WinComm Pro includes all the functions that I have come to expect in an Internet email package. You can compose mail, forward received mail, and file mail away in folders. Most of these function are available by using the buttons across the top of the window for quick access. One big difference between this application and most of the POP3 email clients that I've seen is that WinComm Pro assumes that you are always working offline and will eventually reconnect to the server to exchange mail. In contrast, most of the POP3 clients assume the opposite. How you feel about this is a matter of taste, but the offline model will certainly save phone bills if you must call long distance to your Internet access provider, since you are only conected (and using the phone line) while actually sending and receiving mail, not while composing or reading (see figure 10.8).
Figure 10.8: Offline mail composition.
Synchronizing your offline mail with that from the host is a matter of selecting Update Mail from Host from the On-Line Menu. I see no way of setting up a timer to check periodically for new mail -- such a feature would certainly be a nice addition.
I'm quite impressed with how well WinComm Pro is able to put a pretty face in Unix mail. The Unix mail programs are quite ugly and hard to deal with, and this application hides all the ugliness completely. Like many other email programs that I am unable to use personally, this one also lacks the ability to do full-text searching of my email database. If this feature is important to you, you'll have to look to another product.
I'm somewhat confused by WinComm Pro's scripting structure, and that's a shame. WinComm Pro's scripts could be extremely powerful tools, but the way that Delrina put the scripts together seems needlessly complex. It takes six separate scripts just to accomplish the simple tasks of connecting to and disconnecting from the server.
Remember those proprietary protocol programs that I mentioned earlier in passing? Pipeline is the graphical client software for an Internet provider of the same name in New York City, and Pipeline has licensed its proprietary protocol and client software to a few other providers around the world. In addition, Pipeline has added support for SprintNet, the telephone network that many of the commercial online services use, so you can access Pipeline's NYC service from anywhere in the country, although for a higher fee than a local call.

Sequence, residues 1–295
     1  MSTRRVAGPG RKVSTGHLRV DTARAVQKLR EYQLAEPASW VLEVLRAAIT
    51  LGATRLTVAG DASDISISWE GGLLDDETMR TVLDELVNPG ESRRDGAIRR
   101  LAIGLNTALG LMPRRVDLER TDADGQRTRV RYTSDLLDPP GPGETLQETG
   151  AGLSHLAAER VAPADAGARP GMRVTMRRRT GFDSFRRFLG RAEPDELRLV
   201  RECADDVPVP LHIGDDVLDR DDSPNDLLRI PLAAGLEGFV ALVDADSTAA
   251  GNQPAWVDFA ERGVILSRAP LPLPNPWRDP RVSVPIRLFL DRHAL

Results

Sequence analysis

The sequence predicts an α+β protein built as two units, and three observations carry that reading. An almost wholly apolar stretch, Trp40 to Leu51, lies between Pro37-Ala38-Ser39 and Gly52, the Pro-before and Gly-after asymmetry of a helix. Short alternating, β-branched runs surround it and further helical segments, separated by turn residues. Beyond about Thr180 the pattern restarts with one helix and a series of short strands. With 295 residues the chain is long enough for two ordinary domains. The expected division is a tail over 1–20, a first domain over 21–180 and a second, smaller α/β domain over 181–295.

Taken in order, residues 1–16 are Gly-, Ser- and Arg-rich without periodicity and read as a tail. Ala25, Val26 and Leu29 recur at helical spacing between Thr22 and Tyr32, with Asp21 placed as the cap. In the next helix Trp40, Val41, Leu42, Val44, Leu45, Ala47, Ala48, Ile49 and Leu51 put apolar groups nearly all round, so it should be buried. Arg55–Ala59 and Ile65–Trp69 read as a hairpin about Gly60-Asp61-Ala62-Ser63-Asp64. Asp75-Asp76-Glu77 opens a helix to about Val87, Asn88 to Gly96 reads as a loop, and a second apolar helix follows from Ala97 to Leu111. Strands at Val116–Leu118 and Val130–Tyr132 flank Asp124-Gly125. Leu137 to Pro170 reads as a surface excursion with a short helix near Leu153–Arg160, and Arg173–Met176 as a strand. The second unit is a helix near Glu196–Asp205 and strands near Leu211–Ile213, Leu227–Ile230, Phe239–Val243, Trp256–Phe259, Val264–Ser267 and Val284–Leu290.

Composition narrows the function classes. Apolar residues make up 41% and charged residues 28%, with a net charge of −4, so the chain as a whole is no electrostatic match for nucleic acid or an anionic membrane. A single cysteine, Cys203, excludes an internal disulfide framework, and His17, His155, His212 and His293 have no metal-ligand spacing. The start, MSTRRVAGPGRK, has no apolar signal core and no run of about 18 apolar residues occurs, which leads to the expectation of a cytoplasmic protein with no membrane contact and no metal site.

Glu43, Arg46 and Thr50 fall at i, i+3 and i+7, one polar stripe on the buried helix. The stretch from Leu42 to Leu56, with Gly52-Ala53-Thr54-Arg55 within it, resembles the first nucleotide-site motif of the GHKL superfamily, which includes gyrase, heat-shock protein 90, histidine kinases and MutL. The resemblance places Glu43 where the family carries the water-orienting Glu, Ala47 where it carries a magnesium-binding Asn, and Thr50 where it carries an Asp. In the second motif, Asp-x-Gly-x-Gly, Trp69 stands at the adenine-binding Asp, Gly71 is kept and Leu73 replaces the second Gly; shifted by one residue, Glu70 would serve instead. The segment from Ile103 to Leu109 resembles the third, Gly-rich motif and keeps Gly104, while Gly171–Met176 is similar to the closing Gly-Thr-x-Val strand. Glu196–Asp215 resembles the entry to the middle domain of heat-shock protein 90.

Pipeline covers mostly email, news, World Wide Web, Talk, Archie, FTP, and Gopher, with some additional features thrown in to handle weather reports, Internet Relay Chat, and straight VT100 terminal emulation (see figure 10.9).
Figure 10.9: The Pipeline main menu window.
You can get the Pipeline Internaut software at the following location:
It is a self-extracting file that contains two compressed files, disk1.zip and disk2.zip. You're supposed to unzip them and put them onto separate floppy disks. I followed these instructions and found out that the setup program could not recognize the second diskette. I ended up unzipping both files to the same directory on my hard drive and then running the setup application from there. Then the software worked like a champ.
NOTE: Pipeline looks like it was created in Visual Basic. And as such, there are plenty of .dll and .vbx files to clutter your /windows and /windows/system directories.
The setup program is typical of all installation programs in that it asks for directory location and then creates a special group in the Program Manager. You can then start Pipeline by double-clicking the Pipeline icon.
Once launched, you must configure your modem. My configuration is so standard that all I had to do was find the correct phone number. Needless to say, the only phone numbers listed were in New York City. Once online, you can get the local SprintNet phone number so that you can make local calls in the future.
The basic choices in the middle of the main menu window are essentially Gopher items, and clicking one of them opens another window displaying the next Gopher menu (see figure 10.10), and so on. Displaying text items works as you'd expect, and should you download images in GIF or JPEG format, Pipeline automatically displays them for you.
Figure 10.10: Entered Guides and Tools.
Clicking the buttons on the sides of the main menu window brings up additional windows dedicated to specific functions. Pipeline has some nice touches, especially in the Mail section (see figure 10.11).
Figure 10.11: Pipeline mail composition.
Your Mail Center window provides access to multiple mailboxes, and the new message window has a clean look to it. Most interesting, though, are the views that enable you to sort and display mail according to various criteria. Pipeline can automatically uuencode or binhex binary files when they're attached to outgoing mail, and it can also automatically decode them when they're attached to incoming mail.